Tinderbox Forum

Export Map View to HTML

Is there any way to export from Tinderbox to HTML with a reasonable representation of the Map menu, i.e. links and adornments?

If no, is that what a web version of Storyspace will ultimately do? Any idea of a timeline for that?

Try Edit > Copy View as Image.

Some other thoughts here and here.

If your needs for map export are more complex than copy and paste, you might take a look at Boxpress:

MapsElf

That would export a non-functional image, correct?

I meant can you export a working version of the map view to HTML? Or will this eventually be possible in Storyspace Web?

Wow that is impressive

Who wrote that?

I will definitely look into that in detail

Written by another keen TBX user, Scott Heftler. Quite an achievement. He presented the latest version in one of the meet-ups video for which is available on Vimeo.

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Indeed there it is - definitely will view this - thanks

In short, No. The image export is the only option at present. There is actually a lot of complexity in exporting to HTML (I’ve tried, several times). One issue is what is meant by ‘working’. That’s not flippancy, there are a lot of visual elements in the map: do we need them all. Making the items draggable means more work, and are we talking about just one map layer or being able to drill up down.

Boxpress has been mentioned, but my understanding is it makes image map (see here). This is neat, but not what is being asked for in the opening post, as the map isn’t HTML but a bitmap image with HTML overlay. In saying that, it is no disrespect to the level of care and effort that has gone into the making of BoxPress.

I think it would be lovely to have (it’s definitely a feature suggested over the years), but my experience suggests it’s a lot of engineering cost for an unclear use case and probably a pig to maintain on an ongoing basis.

It would be useful to clarify the use case. Back when I tried this first via HTML export (in the late-2000s) one thought was showing the map to others. But with full screen apps and better web video/screen sharing that driver goes away. So, what is the USP for doing this other than being a cool thing to do? I mean that genuinely (i.e. not sarcasm, lest it be misread).

Good question

My initial purpose in exploring Tinderbox was to organize my notes (a collection of medical literature citations) as background for a book or set of books I plan to write.

But the more I see what Tinderbox is capable of, it seems a shame to do this just for myself. I am wondering how I can essentially author non-fiction hypertext content to share or publish on the web. Storyspace web seems like it would be that but is not available now. Tinderbox HTML Export probably would work if I did a bunch of work on CSS. Exporting Map View might be a simpler option.

Thanks, thats helpfull.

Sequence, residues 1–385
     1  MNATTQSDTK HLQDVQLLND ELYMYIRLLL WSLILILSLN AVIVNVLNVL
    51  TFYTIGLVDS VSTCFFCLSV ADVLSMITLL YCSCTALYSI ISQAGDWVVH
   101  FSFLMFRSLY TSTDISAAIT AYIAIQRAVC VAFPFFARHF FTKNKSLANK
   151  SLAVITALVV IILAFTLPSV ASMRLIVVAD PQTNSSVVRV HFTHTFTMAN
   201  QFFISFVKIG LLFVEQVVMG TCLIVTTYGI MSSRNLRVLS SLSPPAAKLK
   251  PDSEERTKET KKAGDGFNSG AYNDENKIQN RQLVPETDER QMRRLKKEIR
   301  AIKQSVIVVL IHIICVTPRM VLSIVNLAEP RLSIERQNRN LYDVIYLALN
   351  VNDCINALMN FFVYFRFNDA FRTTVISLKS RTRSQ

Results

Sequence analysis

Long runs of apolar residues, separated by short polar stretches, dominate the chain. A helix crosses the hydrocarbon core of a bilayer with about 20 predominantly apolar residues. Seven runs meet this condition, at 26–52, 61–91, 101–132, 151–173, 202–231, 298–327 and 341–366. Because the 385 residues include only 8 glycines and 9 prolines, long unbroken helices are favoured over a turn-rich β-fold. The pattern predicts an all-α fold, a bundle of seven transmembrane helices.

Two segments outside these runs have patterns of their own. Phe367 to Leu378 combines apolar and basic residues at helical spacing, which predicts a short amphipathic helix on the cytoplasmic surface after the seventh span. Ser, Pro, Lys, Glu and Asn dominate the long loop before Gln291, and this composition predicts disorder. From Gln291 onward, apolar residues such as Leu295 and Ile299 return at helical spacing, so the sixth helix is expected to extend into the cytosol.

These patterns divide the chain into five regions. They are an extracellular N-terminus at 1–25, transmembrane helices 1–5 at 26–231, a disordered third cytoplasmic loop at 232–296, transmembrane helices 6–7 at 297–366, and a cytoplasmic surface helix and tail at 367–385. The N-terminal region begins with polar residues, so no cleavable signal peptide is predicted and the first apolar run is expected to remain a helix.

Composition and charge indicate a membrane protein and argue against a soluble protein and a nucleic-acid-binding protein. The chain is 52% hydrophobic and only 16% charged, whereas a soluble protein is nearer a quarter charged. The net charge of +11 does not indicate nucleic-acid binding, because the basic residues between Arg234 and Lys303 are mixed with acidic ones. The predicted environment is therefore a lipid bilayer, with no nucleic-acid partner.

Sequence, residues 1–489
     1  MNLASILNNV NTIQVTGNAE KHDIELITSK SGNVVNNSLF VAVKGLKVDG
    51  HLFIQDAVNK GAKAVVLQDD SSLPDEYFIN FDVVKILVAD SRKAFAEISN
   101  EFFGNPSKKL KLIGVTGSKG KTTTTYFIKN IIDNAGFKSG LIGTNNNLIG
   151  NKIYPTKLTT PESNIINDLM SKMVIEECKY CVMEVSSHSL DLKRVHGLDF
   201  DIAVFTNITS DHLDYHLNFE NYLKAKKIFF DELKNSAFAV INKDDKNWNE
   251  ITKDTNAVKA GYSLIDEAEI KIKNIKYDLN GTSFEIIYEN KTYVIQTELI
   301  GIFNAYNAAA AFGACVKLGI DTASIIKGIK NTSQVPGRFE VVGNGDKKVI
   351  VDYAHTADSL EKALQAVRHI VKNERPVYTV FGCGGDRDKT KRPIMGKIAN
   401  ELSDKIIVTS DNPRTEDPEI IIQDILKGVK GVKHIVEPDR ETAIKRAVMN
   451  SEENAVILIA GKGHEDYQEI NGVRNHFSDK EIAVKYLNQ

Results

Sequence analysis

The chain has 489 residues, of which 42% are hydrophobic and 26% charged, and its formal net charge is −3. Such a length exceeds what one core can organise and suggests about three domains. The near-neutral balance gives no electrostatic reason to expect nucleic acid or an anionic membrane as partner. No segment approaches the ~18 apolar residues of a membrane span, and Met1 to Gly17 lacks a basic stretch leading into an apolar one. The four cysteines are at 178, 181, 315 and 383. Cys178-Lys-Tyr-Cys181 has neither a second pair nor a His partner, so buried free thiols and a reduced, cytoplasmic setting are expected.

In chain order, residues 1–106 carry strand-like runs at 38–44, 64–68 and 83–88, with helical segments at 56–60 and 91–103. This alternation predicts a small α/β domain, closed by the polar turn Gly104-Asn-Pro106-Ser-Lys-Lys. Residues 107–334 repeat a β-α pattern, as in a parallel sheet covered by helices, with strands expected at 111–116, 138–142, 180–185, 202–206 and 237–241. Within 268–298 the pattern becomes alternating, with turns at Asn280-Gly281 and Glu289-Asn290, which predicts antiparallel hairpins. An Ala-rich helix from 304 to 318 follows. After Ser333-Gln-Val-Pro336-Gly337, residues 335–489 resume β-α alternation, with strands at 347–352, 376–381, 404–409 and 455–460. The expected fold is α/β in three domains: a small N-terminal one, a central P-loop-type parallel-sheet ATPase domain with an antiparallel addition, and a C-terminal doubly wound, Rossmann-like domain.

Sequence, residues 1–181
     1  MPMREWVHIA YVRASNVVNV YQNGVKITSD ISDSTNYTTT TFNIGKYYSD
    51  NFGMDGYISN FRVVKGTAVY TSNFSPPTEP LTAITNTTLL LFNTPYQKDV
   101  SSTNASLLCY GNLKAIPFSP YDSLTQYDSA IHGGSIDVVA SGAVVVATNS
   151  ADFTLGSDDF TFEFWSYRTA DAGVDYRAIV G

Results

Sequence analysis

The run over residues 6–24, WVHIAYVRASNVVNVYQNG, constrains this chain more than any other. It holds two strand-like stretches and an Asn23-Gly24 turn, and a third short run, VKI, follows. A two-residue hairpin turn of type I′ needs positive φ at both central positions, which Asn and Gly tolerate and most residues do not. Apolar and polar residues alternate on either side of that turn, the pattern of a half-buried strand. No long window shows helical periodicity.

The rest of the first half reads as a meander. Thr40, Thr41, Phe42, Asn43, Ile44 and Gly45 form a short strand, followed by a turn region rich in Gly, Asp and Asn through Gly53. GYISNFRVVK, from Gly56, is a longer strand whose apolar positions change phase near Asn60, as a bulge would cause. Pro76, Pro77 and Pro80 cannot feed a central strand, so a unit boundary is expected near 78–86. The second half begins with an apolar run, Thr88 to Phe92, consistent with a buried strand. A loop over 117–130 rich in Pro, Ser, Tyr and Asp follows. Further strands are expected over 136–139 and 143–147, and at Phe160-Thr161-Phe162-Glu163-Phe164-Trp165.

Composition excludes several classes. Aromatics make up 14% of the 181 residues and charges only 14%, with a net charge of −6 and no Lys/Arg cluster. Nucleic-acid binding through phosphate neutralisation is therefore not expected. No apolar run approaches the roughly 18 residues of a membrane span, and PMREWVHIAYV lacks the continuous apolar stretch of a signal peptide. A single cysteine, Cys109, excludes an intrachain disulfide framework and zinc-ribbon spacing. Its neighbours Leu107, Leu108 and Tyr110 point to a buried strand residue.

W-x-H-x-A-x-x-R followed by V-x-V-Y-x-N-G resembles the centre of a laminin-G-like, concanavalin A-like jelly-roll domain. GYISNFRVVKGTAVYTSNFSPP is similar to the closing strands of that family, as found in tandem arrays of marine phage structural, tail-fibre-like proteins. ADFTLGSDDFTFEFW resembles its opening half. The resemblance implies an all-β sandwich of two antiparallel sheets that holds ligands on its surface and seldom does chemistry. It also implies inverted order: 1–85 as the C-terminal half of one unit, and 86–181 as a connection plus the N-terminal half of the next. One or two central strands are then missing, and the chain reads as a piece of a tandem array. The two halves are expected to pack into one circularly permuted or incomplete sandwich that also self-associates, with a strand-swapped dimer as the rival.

Well, that’s the idea behind me sharing my aTbRef online since c.2004. aTbRef’s website is, I think, a valid example of a large non-fiction web resource generated from a single TBX. You can download that file (here) which contains all the export templates, and exports the necessary CSS files. Lots of ideas to copy and improve.

As noted, the BoxPress approach can give some ideas on image maps (clickable ares overlaying images), though note that zooming image maps with fidelity depends on the resolution of the background bit map. IOW, a large detailed map needs a large image (think: image file size).

The more nuance—stylistic or structural—in your web design, the more work there is at outset and there are always question. This is exactly why forums like this exist as others can chip in with parts of the answer. To make the whole model shareable is also a lot of work, documentation normally takes longer than the task it describes. BoxPress’s author is to be commended for attention to detail in that regard (it’s the hard work that rarely garners recognition).

My suggestion is, just dive in. It’s how we all started. Don’t try and start by building the final glorious whole - it’s too much without the expertise. Start with the building blocks, what’s exportable, what goes to where, that the export codes do. Then scale up, e.g. cascading templates, includes, etc. and build out from there.

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Good advice - thanks

And yes, TbRef is indispensable - an amazing reference tool

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Thanks. Most of aTbRef is made with a small number of templates, but with a lot of conditional parts. Thus (depending on the note’s prototype) notes on attributes/actions/export code generate a Displayed Attributes-like table at the top of the page. Images are stored externally, and included into the page differently depending on whether the image is portrait (test flows alongside) or landscape (test goes below) general shape. Things like the Google translate are essentially optional includes.

aTbRef includes instructions on how to download bother TBX and the images, enabling you to run out a complete working HTML/CSS/JS site on you local hard drive so you can play about and learn how features work. If you get stuck, drop a question in the export related sub-forum.

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